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Are younger adults more inclined to develop colorectal cancer?

A new study of recent trends in colorectal cancer in the United States confirms that rates among those under the age of 50 years are rising. The findings also reveal that diagnoses of colorectal cancer in younger adults are more likely to be of advanced disease. Using data from the National Cancer Database registry, they found that 12.2% of colorectal cancer diagnoses in the U.S. in 2015 were in people under the age of 50 years compared with 10% in 2004. The vast majority of colorectal cancers are of the adenocarcinoma type. These begin in the cells that make the lubricant, or mucus, that covers the lining of the colon and rectum. Not counting cancers of the skin, of the cancers that doctors diagnose in both women and men in the U.S., colorectal cancer is the third most common, according to the American Cancer Society (ACS). “Because the number of colorectal cancer cases from inherited causes are much higher in younger individuals, it is unknown whether screening for sporadic cases in a group with such low disease rate can result in a favorable balance of harms and benefits."says, Dr. Chyke A. Doubeni. (Source: www.medicalnewstoday.com)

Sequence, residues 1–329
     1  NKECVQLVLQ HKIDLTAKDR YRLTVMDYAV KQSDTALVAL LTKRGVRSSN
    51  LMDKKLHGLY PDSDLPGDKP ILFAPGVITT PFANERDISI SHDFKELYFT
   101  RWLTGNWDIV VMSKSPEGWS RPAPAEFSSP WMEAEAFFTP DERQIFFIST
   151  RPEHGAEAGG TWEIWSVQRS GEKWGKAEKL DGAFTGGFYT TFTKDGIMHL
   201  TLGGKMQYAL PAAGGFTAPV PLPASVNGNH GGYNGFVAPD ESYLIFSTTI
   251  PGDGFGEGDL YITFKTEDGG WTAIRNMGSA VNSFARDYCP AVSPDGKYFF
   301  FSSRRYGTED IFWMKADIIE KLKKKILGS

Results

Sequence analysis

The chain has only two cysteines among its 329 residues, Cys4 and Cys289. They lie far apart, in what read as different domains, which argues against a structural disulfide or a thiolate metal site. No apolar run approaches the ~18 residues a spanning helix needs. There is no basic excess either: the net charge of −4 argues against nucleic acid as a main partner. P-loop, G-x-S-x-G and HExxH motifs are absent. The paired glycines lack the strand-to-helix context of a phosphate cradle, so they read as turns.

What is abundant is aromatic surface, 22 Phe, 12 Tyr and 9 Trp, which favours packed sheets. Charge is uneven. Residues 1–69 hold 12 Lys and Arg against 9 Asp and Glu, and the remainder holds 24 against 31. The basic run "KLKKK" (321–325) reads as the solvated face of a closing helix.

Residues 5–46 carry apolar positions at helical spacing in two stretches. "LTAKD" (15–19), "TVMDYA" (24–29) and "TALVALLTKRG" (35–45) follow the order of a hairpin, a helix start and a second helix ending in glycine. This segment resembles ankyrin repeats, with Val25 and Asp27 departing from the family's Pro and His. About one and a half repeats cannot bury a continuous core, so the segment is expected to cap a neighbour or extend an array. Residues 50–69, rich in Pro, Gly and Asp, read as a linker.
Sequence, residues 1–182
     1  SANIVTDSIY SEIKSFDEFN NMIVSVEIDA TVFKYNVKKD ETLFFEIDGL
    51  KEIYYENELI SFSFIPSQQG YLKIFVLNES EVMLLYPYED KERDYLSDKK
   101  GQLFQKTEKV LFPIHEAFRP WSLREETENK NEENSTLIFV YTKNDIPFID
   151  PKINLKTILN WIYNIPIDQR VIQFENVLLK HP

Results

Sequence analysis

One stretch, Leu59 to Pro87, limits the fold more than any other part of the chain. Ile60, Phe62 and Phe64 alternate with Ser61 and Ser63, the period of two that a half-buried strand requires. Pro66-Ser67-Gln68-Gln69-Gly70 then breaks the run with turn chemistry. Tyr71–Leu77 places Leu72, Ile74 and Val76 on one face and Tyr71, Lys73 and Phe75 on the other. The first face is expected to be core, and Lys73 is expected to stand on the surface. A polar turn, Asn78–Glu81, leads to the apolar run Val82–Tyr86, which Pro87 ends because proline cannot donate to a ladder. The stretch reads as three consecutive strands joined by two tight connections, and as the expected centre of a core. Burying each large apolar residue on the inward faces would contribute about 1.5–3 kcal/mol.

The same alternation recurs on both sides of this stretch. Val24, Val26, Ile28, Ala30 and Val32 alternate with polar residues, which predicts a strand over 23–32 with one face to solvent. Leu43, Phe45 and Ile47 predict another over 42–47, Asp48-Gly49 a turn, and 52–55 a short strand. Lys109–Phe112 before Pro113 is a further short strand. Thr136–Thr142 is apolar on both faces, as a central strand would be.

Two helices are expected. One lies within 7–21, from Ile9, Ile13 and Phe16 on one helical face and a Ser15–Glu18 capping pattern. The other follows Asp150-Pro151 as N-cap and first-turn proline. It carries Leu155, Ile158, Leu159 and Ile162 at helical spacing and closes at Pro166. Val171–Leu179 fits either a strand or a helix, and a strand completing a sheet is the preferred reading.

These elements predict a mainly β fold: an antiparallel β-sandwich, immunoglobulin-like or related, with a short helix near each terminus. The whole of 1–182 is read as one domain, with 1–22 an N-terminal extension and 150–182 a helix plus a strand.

The new strategy of disguising drugs as fats

By using a new technique that disguises anticancer drugs as fats, researchers have managed to safely deliver much higher doses of the drugs than usual to the site of cancer tumors in mouse models. "The drug looks like a nice little fatty acid, so the tumor's receptors see it and invite it in," Prof. Gianneschi explains. "Then the drug starts getting metabolized and kills the tumor cells," he continues. It's like the fatty acid has a hand on both ends: One can grab onto the drug and one can grab onto proteins. The idea is to disguise drugs as fats so that they get into cells and the body is happy to transport them around. "Our goal is to increase the amount that gets into a tumor versus into other cells and tissues. That allows us to dose at much higher quantities without side effects, which kills the tumors faster," Prof. Gianneschi explains. The new research offers hope for more effective and safer methods of delivering anticancer drugs to tumors in human patients.

(Source: www.medicalnewstoday.com)